Sweatpants aren’t stylish. Traditionally worn by sixth-graders and jocks and those who lounge aggressively, the draw-stringed trouser is defiantly apathetic. Wikipedia says sweatpants, otherwise known as tracksuit bottoms, are “one of the most commonly worn items of clothing.” There are no statistics on this, but you know it’s true. The image on the site is unapologetically blunt: three tailgating bros holding wine glasses, smiling. Of course they are smiling. They are comfortable.
That may be why NBA players, tall men who are paid exorbitant sums of money to put a ball in a basket, are wearing these jogging pants again. In the fashion-conscious league, where the walk from the bus to the locker room has turned into a runway, it’s a counter-revolution of young millionaires doing what they want.
But these aren’t traditional sweatpants from the ’90s. Sure, they have the knitting around the ankles and the waistbands. But they’re often made of leather and other expensive fabrics. “Sweatpants are the new denim,” says stylist Brandon Williams. He adds that specifically, slim-fit sweatpants are the rage.
The origin of the sweatpant 2.0 in mainstream culture is unclear. Perhaps it was bolstered by the drop-crotch revival of 2010. Kanye West says he unsuccessfully pitched the idea of leather sweatpants to Fendi six years ago. (“How many motherfuckers you done seen with a leather jogging pant?”) The New York Times noticed the lazy chic style in 2012. By last spring, they were everywhere. LeBron James, Dwyane Wade, and Drake (yes, even Drake) wore them at the NBA All-Star game. The fashionable jogging pant was reborn.
“They are really comfortable,” says Memphis Grizzlies point guard Mike Conley, a client of Williams’s. “Most pairs I have are pretty stylish.” He’s not kidding. Los Angeles Clipper Chris Paul has a pair of $325 Barena Venezias. King James owns $550 silk Lanvins. Even NBA Commissioner David Stern has a pair, though it’s unclear why.
“Comfort is the luxury in the case of sweatpants,” says Scott Sasso, owner, designer, and creative director of the street-wear brand 10.Deep. His company has had fashionable sweatpants for at least five years, but he doesn’t think all fabrics necessarily work. “Leather or suede sweatpants just make for a more sweaty wear.”
Micah Cohen, designer of Shades of Grey by Micah Cohen, says that while some players are legitimately into fashion, sometimes it’s a bit of a hollow gesture. These men all have personal stylists. “With their competitive level of consumerism, it sometimes seems like fashion is simply another way for these guys to one-up each other,” he says.
“With their competitive level of consumerism, it sometimes seems like fashion is simply another way for these guys to one-up each other.”
Historically, the league has been a fashion battlefield. Walt “Clyde” Frazier wore wide-brimmed hats and mink jackets in the early ’70s. In the late ’80s, Michael Jordan killed short-shorts, opting for something baggier, something he could tug on. Philadelphia 76ers star Allen Iverson waltzed onto the scene in 2001 with baggy pants and corn rows, and suddenly every young player wanted to look like him. But in 2005, after the rise of “hip-hop” culture, Kobe Bryant’s sexual assault case, and a brutal fight at the Palace of Auburn Hills, the league established a dress code.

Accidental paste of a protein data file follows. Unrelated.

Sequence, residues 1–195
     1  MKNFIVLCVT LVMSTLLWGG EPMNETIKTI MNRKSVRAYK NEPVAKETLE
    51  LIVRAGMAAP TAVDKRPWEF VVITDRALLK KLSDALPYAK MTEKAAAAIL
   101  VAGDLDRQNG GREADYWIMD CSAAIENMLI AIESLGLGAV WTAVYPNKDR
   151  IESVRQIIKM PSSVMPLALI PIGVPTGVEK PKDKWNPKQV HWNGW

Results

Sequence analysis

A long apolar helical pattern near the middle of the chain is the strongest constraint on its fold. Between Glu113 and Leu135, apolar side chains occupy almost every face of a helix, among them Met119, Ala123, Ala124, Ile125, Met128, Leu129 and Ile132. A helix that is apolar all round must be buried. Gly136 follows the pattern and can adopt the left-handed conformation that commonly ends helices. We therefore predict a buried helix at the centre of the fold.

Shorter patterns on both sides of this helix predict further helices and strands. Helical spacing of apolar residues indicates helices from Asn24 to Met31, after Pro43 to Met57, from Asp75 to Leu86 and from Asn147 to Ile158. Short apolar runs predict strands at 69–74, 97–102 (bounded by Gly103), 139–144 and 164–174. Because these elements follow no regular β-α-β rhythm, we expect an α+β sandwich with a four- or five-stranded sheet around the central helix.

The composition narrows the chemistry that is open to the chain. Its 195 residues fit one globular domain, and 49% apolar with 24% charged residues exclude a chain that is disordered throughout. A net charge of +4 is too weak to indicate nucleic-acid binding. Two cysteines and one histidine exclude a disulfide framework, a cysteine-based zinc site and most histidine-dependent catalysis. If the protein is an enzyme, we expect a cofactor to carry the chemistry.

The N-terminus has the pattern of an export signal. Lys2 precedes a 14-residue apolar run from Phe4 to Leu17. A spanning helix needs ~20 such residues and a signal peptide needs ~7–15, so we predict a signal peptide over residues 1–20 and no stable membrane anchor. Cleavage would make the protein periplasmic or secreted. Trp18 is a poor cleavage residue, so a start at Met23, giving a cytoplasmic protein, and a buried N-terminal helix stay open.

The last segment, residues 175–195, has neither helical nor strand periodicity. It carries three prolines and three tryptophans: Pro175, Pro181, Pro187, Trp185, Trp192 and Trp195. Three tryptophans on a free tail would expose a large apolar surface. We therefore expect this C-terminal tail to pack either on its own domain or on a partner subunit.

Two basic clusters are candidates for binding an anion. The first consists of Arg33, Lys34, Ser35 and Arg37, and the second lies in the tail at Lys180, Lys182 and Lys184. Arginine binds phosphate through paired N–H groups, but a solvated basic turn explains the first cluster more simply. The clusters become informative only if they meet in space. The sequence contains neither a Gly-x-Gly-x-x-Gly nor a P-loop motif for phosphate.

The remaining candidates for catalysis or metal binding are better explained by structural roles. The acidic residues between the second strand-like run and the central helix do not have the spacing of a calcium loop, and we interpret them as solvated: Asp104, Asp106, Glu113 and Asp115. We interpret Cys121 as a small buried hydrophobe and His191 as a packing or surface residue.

Commissioner Stern said at the time that the “business casual” code was created because the “reputation of our players was not as good as our players are, and we could do small things to improve that.” Essentially players had to wear dress shirts, turtlenecks, khakis, dress jeans, and more professional attire. Strictly prohibited were T-shirts, jerseys, chains, pendants, and medallions. Sunglasses indoors or headphones also were banned in most cases.
“I like to dress up,” said ex-player Grant Hill, shortly after the rule was instated. “When I first came into the league, it’s like guys were competing in fashion. I think it’s good. Some guys are going to complain, but I understand it.” Hill was wrong.
Instead of ending the fashion competition, players hired personal tailors, launching a new style arms race. And here we are. Oklahoma City Thunder superstar Russell Westbrook, a serial fashion offender, brought back thick-rimmed glasses. His teammate Kevin Durant made it cool to wear backpacks. The Heat’s Wade does whatever he wants: He’s worn an orange ensemble, with an orange purse; he’s also worn capris.
Shaun Powell, a columnist at Sports on Earth who covered the NBA for 20 years, says the wardrobe revolution of 2005 wasn’t split along racial lines—it was a generational divide. The old guard African-American players were as appalled as everyone else with the 20-somethings dressing like they were 16. He says Iverson, who looked up to the rapper Tupac Shakur back then, still dresses the same way these days. “Don’t you sometimes think, ‘Now is not the time to dress like my youngest son,’” says Powell.
As young players pivot back to a more casual—yet just as expensive—form of trousers, perhaps a pause is needed. “If you don’t present the sweatpants correctly,” Williams warns, “it’ll look like a normal sweatpant. This could ruin it for everybody.”